Lieutenant Colonel Deasey was born in Corowa, New South Wales on 15th September 1949 and completed his school education at Sydney Technical High School. His tertiary education Bachelor of Arts Degree (Hons) and a Diploma of Education from the University of New South Wales, and the New South Wales Department of Education Certificate of School Leadership and Management. He taught from 1973 to 1979 Teacher at Port Hacking High School and from 1980 to 1984 he was the English/History Head at Belmore Boys High School. In 1985 he was appointed  Head Teacher History at Belmore Boys High School and from 1993 to 2000 was Leading Teacher (Deputy Principal) of Mount Druitt High School. He retired as Deputy Principal of Picnic Point High School in 2009. Lieutenant Colonel Deasey was appointed Commanding Officer of UNSWR in February 1995. David Deasey is currently Chairperson of the NSW Boer War Memorial Committee, and author—with K J Mackay—of  The history of the University of NSW Regiment 1952-2006.
His committee is currently raising funds for a memorial to the participants in the Boer War and further infomation may by obtained by clicking this link - BOER WAR MEMORIAL.
Jackie Meyer
Guest speaker the July meeting was Jackie Meyers. Jackie Meyers holds the position of editor at the Southern Highland News. She was appointed editor in June 2013 as well as working in the role of special publications editor, where she oversees editorial of the well-regarded Snapshot Magazine, Visitors Guide and Country Weddings. She remains in charge of the special publications, whilst also editing three editions of Southern Highlands News and one edition of the Highland Post each week.

Michael Gracey
Michael Gracey is a medical graduate of Sydney University (1961) with PhD from the University of WA. He worked for some years at RPA Hospital in Sydney before doing his training as a paediatrician in Melbourne, then in London and Birmingham. His areas of special interest are in gastrointestinal diseases, nutrition and growth. Part of his training was in Papua New Guinea where he developed a lifelong commitment to working with children from disadvantaged societies. He has been involved in projects in developing countries in the Asia-Pacific region, including Indonesia, India, and Thailand. He has been involved as a district medical officer, paediatrician, public health doctor, and clinical researcher among Aboriginal people for more than 40 years in all parts of WA, especially in remote Kimberley communities. He was Principal Medical Adviser on Aboriginal Health to the WA Health Department for over a decade and in 1997 was made Australia’s first Professor of Aboriginal Health (Curtin Uni.) and, after retiring, worked for an Aboriginal-run non-profit organisation for 12 years as its Medical Consultant. He served the International Paediatric Association for about 20 years and was the first Australian to become its President. This took him to over 80 countries on all inhabited continents; many of these are among the world’s poorest nations. Michael was made an Officer of the Order of Australia (AO) in 2001. He is also a Probian and edits the Bulletin of the Probus Club of Sydney.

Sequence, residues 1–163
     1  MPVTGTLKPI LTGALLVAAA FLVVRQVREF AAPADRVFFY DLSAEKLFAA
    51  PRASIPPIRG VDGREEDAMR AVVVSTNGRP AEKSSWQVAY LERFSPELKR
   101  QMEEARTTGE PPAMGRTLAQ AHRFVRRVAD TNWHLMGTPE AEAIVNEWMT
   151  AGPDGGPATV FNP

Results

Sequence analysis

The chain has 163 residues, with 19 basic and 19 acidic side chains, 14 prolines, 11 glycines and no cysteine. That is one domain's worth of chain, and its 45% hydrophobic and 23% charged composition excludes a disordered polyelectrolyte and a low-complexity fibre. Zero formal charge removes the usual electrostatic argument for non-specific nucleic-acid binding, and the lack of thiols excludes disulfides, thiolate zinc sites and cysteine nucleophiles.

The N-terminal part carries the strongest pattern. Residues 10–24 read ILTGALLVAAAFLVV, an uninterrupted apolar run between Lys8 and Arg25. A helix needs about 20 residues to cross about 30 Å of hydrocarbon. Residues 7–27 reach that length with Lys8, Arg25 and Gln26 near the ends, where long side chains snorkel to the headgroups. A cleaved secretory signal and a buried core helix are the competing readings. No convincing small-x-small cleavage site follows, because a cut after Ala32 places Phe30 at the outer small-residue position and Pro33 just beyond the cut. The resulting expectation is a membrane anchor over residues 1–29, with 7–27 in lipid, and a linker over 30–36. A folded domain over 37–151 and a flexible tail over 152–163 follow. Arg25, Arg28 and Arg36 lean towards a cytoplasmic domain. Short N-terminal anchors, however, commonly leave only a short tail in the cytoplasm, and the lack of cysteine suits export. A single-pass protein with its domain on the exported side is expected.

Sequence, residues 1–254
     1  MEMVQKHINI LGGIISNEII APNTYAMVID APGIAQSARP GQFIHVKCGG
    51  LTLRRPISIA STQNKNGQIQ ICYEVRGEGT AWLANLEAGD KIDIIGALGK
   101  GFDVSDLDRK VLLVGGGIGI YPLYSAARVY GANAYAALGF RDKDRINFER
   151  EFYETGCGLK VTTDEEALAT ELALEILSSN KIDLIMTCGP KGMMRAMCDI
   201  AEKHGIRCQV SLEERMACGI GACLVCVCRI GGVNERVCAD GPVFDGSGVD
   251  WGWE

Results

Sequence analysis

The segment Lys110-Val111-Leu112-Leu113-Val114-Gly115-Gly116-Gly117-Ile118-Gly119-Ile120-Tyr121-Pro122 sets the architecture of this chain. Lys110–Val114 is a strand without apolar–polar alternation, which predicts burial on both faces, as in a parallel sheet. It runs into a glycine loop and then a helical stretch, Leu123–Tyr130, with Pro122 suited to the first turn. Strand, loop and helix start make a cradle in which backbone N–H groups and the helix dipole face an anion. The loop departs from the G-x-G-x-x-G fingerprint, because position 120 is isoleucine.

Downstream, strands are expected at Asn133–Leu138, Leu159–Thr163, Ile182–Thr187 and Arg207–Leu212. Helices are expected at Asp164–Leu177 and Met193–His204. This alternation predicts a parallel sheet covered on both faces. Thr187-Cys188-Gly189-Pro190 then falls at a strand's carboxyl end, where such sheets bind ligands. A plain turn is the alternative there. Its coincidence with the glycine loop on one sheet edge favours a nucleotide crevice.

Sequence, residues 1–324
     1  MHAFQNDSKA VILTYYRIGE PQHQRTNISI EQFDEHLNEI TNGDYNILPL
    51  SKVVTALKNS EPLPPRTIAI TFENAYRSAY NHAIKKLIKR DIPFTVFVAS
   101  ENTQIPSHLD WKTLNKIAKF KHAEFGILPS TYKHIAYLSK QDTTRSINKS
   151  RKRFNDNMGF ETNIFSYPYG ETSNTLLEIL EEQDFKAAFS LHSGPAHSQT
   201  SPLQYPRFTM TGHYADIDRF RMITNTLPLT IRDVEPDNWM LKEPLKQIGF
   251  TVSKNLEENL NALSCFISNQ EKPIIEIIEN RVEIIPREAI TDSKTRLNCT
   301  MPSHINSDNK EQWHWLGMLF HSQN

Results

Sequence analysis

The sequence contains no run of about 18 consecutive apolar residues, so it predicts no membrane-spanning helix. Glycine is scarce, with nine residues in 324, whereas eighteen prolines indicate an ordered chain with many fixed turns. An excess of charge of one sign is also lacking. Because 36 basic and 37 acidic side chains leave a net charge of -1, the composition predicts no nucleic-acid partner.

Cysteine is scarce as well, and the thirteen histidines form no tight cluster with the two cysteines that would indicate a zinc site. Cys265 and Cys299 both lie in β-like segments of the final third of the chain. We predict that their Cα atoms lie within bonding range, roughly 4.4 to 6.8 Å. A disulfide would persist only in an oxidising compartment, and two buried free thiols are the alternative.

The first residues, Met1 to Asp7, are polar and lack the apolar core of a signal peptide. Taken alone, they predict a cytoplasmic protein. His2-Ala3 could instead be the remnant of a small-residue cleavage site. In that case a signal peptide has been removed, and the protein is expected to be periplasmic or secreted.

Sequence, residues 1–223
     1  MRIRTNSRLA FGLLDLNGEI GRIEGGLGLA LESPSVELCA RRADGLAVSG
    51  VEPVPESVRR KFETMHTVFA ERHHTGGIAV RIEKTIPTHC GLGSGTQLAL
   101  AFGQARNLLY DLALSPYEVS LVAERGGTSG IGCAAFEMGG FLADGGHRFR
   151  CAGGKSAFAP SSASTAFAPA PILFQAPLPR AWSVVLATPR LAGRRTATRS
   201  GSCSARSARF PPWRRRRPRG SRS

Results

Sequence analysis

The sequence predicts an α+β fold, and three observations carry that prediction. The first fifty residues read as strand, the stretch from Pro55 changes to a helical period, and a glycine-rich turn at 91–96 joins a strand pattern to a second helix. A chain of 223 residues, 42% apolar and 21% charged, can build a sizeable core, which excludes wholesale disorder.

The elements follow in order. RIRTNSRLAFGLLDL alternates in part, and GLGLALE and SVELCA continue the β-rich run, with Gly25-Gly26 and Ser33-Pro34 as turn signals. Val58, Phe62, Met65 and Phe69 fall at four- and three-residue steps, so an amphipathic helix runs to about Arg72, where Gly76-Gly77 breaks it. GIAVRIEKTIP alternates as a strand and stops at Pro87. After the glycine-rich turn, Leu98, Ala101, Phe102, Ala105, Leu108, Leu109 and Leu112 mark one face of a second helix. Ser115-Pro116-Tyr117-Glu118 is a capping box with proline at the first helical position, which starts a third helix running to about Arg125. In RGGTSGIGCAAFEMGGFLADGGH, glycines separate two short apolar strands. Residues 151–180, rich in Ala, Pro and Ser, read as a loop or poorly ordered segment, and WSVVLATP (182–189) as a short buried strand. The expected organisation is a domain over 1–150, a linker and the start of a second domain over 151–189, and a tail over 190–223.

PETER LAZAR Chairman & Founder of PPR
Peter is a very experienced strategist, consultant, facilitator and presenter. He is a highly regarded communicator, chairman and negotiator. A Life Fellow and Past State President of the Public Relations Institute of Australia, he was chair of its College of Fellows for 12 years. Peter’s expertise in issue management and communication strategy at the highest level has made him a leader in the profession. He was awarded an AM in the 2007 Australia Day Honours List for services to communication, health education, aged care and for other community service. For his pro bono work in dental health education he was made a Fellow of the International College of Dentists – one of only two non-dentists to be so honoured. He is co-author of “The Australian and New Zealand Public Relations Manual” (Tymson & Lazar) which is widely used in the teaching of Communication students in University and TAFE courses in the region.